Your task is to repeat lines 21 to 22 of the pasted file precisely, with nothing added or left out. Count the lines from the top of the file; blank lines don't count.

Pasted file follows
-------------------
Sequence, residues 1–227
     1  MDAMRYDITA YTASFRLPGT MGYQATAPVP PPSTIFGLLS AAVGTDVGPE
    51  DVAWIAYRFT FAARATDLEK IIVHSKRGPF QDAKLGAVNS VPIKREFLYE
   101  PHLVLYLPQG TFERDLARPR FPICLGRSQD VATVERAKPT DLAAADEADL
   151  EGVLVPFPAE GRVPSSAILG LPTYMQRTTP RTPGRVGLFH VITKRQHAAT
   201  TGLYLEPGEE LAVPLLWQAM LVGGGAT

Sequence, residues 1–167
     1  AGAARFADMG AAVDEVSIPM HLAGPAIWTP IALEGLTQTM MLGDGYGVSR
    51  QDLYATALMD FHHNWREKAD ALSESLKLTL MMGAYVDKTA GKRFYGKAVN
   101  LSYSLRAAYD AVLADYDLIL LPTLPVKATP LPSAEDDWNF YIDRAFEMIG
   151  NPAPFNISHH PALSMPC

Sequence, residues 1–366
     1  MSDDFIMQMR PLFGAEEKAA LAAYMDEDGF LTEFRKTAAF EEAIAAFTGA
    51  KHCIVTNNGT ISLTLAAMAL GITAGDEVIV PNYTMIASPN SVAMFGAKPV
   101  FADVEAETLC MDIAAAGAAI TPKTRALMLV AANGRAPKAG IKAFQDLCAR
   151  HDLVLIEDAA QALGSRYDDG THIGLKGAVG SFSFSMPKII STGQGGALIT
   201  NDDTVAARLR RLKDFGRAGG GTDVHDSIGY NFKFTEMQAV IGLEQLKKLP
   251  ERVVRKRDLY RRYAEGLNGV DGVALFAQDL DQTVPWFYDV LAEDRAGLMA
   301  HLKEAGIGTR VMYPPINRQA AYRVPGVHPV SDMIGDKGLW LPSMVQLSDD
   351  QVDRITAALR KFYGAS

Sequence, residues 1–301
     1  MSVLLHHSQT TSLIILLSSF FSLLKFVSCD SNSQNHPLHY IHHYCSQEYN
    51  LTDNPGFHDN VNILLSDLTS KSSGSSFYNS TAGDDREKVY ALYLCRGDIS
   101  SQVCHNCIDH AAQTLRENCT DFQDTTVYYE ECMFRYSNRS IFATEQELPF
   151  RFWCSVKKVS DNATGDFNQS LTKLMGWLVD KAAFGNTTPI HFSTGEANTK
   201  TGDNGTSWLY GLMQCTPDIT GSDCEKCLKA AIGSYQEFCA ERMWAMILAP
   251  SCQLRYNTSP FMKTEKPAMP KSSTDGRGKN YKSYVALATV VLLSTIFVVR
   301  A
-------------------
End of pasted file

Sequence, residues 1–301
     1  MSVLLHHSQT TSLIILLSSF FSLLKFVSCD SNSQNHPLHY IHHYCSQEYN